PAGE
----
People v. Simmons
Judge John Wilson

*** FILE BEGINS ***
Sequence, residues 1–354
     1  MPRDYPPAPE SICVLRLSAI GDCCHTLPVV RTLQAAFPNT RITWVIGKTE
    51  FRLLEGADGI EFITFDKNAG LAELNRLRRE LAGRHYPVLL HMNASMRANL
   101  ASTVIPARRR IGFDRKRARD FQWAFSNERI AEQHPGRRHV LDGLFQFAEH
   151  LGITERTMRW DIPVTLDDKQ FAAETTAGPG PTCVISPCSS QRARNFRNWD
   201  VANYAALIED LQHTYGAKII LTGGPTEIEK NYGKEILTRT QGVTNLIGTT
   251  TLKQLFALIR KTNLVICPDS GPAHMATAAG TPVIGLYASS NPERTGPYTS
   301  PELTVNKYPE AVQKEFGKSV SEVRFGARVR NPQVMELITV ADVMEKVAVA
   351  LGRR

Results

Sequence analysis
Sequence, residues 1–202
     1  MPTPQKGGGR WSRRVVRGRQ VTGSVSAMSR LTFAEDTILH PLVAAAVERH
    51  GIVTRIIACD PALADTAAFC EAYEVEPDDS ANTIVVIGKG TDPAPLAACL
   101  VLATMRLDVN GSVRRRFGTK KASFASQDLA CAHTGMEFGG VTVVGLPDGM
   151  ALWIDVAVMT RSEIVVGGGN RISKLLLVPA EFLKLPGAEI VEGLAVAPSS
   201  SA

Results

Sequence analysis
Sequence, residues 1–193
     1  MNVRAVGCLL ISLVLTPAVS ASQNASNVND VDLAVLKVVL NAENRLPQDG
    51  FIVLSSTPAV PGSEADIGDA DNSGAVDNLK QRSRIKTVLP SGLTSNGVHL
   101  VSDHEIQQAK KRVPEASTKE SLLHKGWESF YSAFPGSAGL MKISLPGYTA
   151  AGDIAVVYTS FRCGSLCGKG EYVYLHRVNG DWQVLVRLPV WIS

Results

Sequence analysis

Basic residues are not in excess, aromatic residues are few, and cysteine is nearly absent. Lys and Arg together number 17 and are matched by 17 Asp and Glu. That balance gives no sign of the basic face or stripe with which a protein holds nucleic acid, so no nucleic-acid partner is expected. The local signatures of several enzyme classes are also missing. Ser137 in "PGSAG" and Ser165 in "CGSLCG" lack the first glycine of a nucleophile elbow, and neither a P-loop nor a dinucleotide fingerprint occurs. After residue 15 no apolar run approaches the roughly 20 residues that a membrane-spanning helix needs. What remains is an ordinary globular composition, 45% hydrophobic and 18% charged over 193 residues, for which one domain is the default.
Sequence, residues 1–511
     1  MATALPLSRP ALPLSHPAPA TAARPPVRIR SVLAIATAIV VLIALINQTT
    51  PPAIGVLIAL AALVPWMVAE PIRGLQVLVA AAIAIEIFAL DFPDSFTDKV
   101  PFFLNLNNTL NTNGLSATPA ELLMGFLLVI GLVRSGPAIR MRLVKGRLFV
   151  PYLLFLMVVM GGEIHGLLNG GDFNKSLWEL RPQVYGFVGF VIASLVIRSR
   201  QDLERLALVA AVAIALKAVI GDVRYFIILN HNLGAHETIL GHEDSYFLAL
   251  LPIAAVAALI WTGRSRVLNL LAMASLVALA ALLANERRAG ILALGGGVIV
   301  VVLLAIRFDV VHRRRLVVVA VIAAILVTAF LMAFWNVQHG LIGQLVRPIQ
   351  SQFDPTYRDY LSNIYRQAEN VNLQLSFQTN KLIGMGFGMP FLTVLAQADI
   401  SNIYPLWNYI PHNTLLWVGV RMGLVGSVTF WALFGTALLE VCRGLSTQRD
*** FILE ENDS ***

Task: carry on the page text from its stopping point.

Simmons was charged with harassment by a superceding information, and moved for dismissal arguing the complaint was facially insufficient. The complaint alleged Simmons spat in an officer's face striking his eyes and mouth, resulting in the officer being alarmed and fearing for his personal safety. The court found the factual allegations contained in the misdemeanor complaint were sufficient. It stated, even putting aside complainant's status as a police officer, spitting was recognized as an act sufficient to support a cause of action for battery, under early common law. A court in People v. Carlson previously found that spitting on a victim was "offensive physical contact." This court found Simmons' reliance of People v. Bartkow misplaced, agreeing, instead, with the Carlson court, that the legislature intended the language "or otherwise subjects another person to physical contact" to be a catchall phrase to include actions of this defendant as described in the instant complaint. It ruled as the act of spitting in another's face was a form of physical contact, the broad language of Penal Law §240.26(1) naturally included such offensive conduct, and to hold otherwise would be a "denial of common sense and established principles." Hence, dismissal was denied.